The Guinness World Record for the largest videogame controller on the planet has been broken! British electrical engineering student Ben Allen along with co-creators Stephen van 't Hof and Michel Verhulst put together a gigantic 12ft x 5ft 3 in x 1ft 8 in, 18 stone NES controller to take the title, a joypad so big it needs two people to operate!
"The idea basically came from a brainstorm," said Allen.
"We were sitting around between lectures having a chat and a coffee, someone came up with the NES idea and we ran with it. From the conception to the completion of the controller took about six months, and after spending a lot of time planning, the actual build took about four weeks. There were lots of late nights, and lots of not sleeping! In fact, I even fell asleep on the controller for about half an hour one night!"
Showcasing the achievement at London's Liverpool Street Station, Tech Digest got some hands-on time with the daddy of all retro controllers. Though it takes some getting used to, the oversize buttons responded really well, pushing back against our hands with a satisfyingly spongy feel. Tech Digest, alongside Shiny Shiny's Becca, managed a respectable 67 lines on the NES version of Tetris, a potential record in itself on the unique controller.
But construction wasn't simply a matter of scaling up components found in a regular NES joypad. After a few nights spent stress-testing the unit in a rowdy local pub, Allen's team quickly realised the original iconic design couldn't withstand the repeated button presses made when playing scaled up to the new size.
"In the original controller there's just a bit of padding on the back of each button and a mesh on the circuit board," explained Allen.
"When you press the pad there it short circuits the mesh and pulls the signal low. Here we do it slightly differently. The mechanical switches in our prototype broke, so we went with a light-based system with a sensor. When you press a button, the light beam hitting the sensor is broken, the sensor filters that information and pushes it to the same electronics as used in the original NES controller, which then in turn registers your intended inputs."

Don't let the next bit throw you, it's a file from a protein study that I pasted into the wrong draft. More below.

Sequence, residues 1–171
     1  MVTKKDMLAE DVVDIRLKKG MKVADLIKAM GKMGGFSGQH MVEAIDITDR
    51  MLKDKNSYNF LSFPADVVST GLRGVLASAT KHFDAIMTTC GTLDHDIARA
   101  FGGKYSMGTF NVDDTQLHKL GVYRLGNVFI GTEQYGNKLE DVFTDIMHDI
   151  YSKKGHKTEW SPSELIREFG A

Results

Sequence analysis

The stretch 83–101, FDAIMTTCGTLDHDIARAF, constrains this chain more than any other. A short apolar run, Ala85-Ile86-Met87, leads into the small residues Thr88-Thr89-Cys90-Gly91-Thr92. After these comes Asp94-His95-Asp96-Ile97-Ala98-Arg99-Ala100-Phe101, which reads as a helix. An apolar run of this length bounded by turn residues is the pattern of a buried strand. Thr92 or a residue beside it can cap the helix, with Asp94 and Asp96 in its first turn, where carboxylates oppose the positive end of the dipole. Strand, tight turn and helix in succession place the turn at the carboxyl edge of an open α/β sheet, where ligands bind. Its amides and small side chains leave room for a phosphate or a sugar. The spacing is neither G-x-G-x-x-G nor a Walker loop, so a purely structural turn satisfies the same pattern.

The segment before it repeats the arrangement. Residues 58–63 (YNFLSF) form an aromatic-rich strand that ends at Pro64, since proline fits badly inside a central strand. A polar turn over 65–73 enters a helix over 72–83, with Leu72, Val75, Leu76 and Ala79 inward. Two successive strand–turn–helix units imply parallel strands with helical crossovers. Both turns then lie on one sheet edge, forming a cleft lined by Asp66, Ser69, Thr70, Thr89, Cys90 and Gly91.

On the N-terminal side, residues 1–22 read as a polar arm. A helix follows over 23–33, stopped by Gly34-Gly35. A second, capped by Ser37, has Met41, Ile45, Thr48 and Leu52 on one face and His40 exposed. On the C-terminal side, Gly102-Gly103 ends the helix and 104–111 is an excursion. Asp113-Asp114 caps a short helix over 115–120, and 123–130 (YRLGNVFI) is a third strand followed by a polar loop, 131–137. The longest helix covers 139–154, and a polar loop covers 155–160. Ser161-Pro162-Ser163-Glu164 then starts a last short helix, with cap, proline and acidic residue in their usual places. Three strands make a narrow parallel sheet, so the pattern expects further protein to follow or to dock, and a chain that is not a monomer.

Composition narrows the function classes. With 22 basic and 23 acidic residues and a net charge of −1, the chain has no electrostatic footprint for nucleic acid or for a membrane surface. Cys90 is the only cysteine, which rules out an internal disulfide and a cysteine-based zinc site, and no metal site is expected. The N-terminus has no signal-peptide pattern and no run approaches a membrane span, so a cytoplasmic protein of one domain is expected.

So, could anyone make a working version similar to the record breaking kit on show? Allen, who studies at Delft University of Technology in the Netherlands, believes so:
"If you wanted to do it at home I reckon you could. Perhaps using a wooden frame rather than the stress-tested steel frame we've built, without the car wheel ball bearings too. Though it's not a cheap thing to do, if you had three guys, working four full-time weeks, you could probably do this, and some more."
The event was held in order to promote the release of the Guinness World Records Gamer's Edition 2012, which also features other quirky gaming records like "Longest Gaming Session in Free-Fall" and "Largest Competitive Pokémon Videogame Family". We can't begin to imagine what the conversation around that family dinner table must be like!
"We've been burning the midnight oil like ninjas for the 2012 Gamer's Edition: witnessing record attempts, talking to developers and playing as many videogames as we could handle." said Guinness World Records Gaming Editor, Gaz Deaves.
"Gamers all over the world can finally get their hands on the result of our hard labour, and this year's book packed with all the amazing records, facts and feats that they have a right to expect from Guinness World Records."
Out on Thursday 19th January, the Guinness World Records Gamer's Edition 2012 will be available from all good bookstores. And some rubbish ones too!